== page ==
Teach Yourself Time Management

What’s it all about?

Well as the cover and title of the book may suggest, it is a practical, informative guide on how best to increase your time efficiency and improve your time management. Bird splits her guide into 12 chapters covering everything from your personal goals and priorities to the process of sharing this knowledge through time management training.

Patience and Discipline – these are the two attributes most needed through the process of learning to manage your time. Bird stresses that changing habits in order to become more effective with your time will not happen overnight nor without noting down your movements at the beginning, which can later be analysed to show your “time wasting”.

  1. Personal Priorities and Goals – Bird encourages readers to take some time to sit, think and write down all their goals in life, think of what is important to them and how would they like to change. A good example is “I’d like to spend more time with my family. Once that is complete, think about HOW you are going to achieve that e.g. “I will make sure I leave the office at 5 o’clock so I am home in time to read to the children and put them to bed.”
  2. Knowing how much time you have – Keeping a time log will help you to understand how much of your time is useful and highlights areas you could cut out. For example, Tom has his breakfast and then sits with a cup of coffee and the paper for 15 minutes. Instead of that, Tom could take his coffee in a portable cup and read his paper on the train. Thus, he now has 20 extra minutes of time to be productive.
  3. Planning your time – Whether you use your phone calendar, your laptop calendar or a traditional paper diary Always Plan Your Time. This way we avoid those awkward double bookings resulting from jotting dates down on scraps of paper. By keeping dates and times in your diary, you will be able to make sure your time is organised and stress-free.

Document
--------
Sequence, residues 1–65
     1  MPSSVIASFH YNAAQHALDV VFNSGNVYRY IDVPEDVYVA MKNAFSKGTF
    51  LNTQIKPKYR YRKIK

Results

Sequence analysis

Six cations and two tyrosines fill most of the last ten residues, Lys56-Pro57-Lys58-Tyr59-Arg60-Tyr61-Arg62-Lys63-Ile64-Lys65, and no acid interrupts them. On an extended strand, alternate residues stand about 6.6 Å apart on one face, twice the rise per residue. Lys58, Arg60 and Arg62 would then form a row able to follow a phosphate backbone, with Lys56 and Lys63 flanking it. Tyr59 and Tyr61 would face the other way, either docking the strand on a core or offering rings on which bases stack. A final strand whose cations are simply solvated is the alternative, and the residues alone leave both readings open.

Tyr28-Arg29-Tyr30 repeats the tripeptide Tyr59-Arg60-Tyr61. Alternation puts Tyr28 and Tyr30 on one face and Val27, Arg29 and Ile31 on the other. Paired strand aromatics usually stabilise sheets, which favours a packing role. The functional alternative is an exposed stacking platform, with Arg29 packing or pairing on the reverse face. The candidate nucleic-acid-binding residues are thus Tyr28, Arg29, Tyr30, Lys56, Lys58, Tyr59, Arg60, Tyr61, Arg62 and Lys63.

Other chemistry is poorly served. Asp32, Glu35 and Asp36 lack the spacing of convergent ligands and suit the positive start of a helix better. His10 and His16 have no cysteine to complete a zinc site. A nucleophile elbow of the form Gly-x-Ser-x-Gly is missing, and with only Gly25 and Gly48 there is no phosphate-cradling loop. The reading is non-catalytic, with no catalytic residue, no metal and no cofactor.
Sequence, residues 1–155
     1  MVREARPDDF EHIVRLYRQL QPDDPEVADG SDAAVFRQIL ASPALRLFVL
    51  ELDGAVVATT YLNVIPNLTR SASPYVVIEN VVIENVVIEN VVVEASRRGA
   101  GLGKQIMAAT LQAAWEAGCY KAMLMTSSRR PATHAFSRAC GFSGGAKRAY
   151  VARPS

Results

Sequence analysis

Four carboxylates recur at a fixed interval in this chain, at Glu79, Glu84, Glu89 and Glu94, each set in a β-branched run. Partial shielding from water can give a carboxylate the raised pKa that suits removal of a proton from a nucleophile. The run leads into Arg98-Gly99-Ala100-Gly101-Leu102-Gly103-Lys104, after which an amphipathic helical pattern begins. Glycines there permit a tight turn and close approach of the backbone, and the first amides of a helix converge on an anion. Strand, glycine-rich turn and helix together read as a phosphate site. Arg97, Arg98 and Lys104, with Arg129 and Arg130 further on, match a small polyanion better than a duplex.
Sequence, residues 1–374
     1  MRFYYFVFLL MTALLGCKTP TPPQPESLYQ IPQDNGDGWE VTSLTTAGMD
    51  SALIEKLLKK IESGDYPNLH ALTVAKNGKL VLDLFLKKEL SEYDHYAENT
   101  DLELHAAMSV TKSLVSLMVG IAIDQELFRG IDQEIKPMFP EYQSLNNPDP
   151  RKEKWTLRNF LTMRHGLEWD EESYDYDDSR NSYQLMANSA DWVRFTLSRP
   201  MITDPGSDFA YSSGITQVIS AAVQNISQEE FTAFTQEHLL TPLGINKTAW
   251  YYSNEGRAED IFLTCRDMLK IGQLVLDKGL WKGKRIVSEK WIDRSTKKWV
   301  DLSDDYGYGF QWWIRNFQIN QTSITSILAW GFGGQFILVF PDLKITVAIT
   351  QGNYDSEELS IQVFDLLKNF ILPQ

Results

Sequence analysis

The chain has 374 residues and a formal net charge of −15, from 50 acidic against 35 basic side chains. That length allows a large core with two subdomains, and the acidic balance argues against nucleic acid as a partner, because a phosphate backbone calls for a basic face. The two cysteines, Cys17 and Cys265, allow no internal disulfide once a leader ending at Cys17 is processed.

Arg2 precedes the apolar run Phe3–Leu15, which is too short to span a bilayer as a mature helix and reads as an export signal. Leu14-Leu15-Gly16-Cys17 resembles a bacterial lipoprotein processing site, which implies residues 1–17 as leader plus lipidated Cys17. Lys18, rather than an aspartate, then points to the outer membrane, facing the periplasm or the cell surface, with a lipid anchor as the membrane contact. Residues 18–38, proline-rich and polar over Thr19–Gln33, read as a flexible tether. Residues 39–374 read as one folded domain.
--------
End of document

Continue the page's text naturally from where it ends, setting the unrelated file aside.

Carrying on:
4. How to use your “transition time” effectively – This is all about using travel time and “dead time” during your day. If your travel to work on public transport, you could catch up on some emails and cut down on coffee breaks, using it to organise some paperwork instead. These small and simple changes can make you realise how unproductive some parts of your day are.
  5. Conquering Procrastination ­ – This is where Bird’s attribute of discipline proves to be the most important. She engrains into the reader’s mind “If you don’t start, you can’t finish”. This encourages readers to be proactive in their decisions regarding projects, emails, drafts etc.
  6. Being able to say “no” – As much as we like to please people, learning to say no to everyone including your boss, is an important skill to have. Bird suggests the technique of turning refusals into acceptances. For example, you cannot meet your friend at the pub tonight because you have a presentation due tomorrow, so you say to them, “I can’t meet you tonight, but shall we go Friday night?”. You have rightly prioritised work but have also shown your desire to see your friend.